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What is Machine Learning?

Updated: Apr 15, 2020

Machine Learning is probability.

Machine learning is about:

NOT 1 and 0s but P for Probability

NOT deterministic but STATISTICAL

NOT programming but TEACHING

Needs big data, a lot of data

Need (human) GOALS

Genie Problem

“A breakthrough in machine learning would be worth ten Microsofts” (Bill Gates, Chairman, Microsoft)

“Machine learning is the next Internet” (Tony Tether, Director, DARPA)

“Web rankings today are mostly a matter of machine learning” (Prabhakar Raghavan, Dir. Research, Yahoo)

“Machine learning is going to result in a real revolution” (Greg Papadopoulos, CTO, Sun)

“Machine learning is today’s discontinuity” (Jerry Yang, CEO, Yahoo)

History Of Machine Learning

It was back in 1945 when the first electronic general-purpose computer was developed. It was Turing-Complete, digital and able to solve a large class of numerical problems through reprogramming. The name of the computer was ENIAC (Electronic Numerical Integrator and Computer).

Though ENIAC was a machine meant for doing intensive numerical calculations, the idea behind its development was to build a machine to simulate human thinking.

But it not took many years after the development of ENIAC and in 1950’s Arthur Samuel, an American pioneer in the field of computer gaming and artificial intelligence coined the term “Machine Learning” while at IBM. It was also at that time a computer claimed to help checker players improve there experience came to existence.

At the same time, a very simple classifier named Perceptron was invented by Frank Rosenblatt. The perceptron was intended to be a machine, rather than a program. When it was combined with large numbers it became a powerful monster. This monster at that time was a real breakthrough. Then we saw a stagnation of machine learning and neural networks due to its difficulty in solving some problems

In the 1990s due to the intersection of computer science and statistics, machine learning again became popular and new probabilistic approach in AI developed. Since then, machine learning is a constantly evolving branch. The reason for this is also the development of better algorithms and increase in computational power in the last few years.

Humans Vs Machine

Ever thought how is a machine different from humans? Why can’t a machine learn by itself? Let us answer these questions in this section.

Our history and our literature show us that for most of human history machines were seen as tools to help people do more than they were capable of on their own. From simple stone tools to the inventions of the Iron Age and Bronze Age, technology augmented human capability for survival, Competitive advantage and convenience.

Machines followed orders of humans and performed tasks while humans are capable of performing tasks by themselves. Humans can do this because they learn from past experience and make a decision according to the experiences while the machine doesn’t learn from past experience. Thus, machines aren’t capable of making decisions by themselves.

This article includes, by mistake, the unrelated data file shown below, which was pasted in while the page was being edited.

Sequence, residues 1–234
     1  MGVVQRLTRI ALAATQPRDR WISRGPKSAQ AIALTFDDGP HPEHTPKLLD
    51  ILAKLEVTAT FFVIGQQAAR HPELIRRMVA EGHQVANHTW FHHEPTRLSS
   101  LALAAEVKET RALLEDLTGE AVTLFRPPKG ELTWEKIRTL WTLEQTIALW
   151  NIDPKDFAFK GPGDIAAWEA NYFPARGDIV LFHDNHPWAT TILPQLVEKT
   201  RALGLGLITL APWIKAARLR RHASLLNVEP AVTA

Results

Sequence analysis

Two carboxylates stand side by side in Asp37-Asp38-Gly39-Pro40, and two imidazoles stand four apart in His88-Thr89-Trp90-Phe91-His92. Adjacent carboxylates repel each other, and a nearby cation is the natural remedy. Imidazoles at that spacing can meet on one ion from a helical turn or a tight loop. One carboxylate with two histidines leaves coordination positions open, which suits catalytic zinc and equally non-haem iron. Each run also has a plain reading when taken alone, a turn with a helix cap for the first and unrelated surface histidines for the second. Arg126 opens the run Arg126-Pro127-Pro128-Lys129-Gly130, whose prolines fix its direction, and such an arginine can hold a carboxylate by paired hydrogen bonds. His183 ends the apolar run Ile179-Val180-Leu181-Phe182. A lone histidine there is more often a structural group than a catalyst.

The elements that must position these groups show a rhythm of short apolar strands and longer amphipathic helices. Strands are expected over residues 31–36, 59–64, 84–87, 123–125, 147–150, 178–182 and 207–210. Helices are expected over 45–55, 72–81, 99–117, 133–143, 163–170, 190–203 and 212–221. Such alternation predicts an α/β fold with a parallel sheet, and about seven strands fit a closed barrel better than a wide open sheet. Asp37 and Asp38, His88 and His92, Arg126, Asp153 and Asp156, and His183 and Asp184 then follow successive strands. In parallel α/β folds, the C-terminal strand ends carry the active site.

Thus, a machine cannot learn by itself and requires to learn decision making. In ML we incorporate decision-making capabilities in machines so that they can mimic human behavior.

How to make a Machine Learn?

The most important thing that requires a machine to mimic human is having to learn to make decisions by itself from past experiences.

According to Tom Mitchell,a machine is said to learn from experience E with resect to some task T and some performance measure P,if its performance on T,as measured by P,improves with experience E.

In general, the following are the steps to make machines learn -

Gathering raw data or experienceConverting data into informationGathering knowledge from informationBecoming intelligent to make decision

To gather experience or raw data, we require a source and a technique for data extraction. The technique used here is Big Data Hadoop. The way of analyzing raw data and extracting information from it is called Big Data Hadoop.

For converting raw data into information we use Data Mining. The process of discovering patterns in large data sets involving methods at the intersection of statistics and database systems is called Data Mining.

Understanding all the parameters of information and gathering knowledge to become intelligent is done using Machine Learning. Machine Learning algorithms help a machine in making decisions by itself.

What is Machine Learning?

According to Arthur Samuel, Machine Learning algorithms enable the computers to learn from data, and even improve themselves, without being explicitly programmed.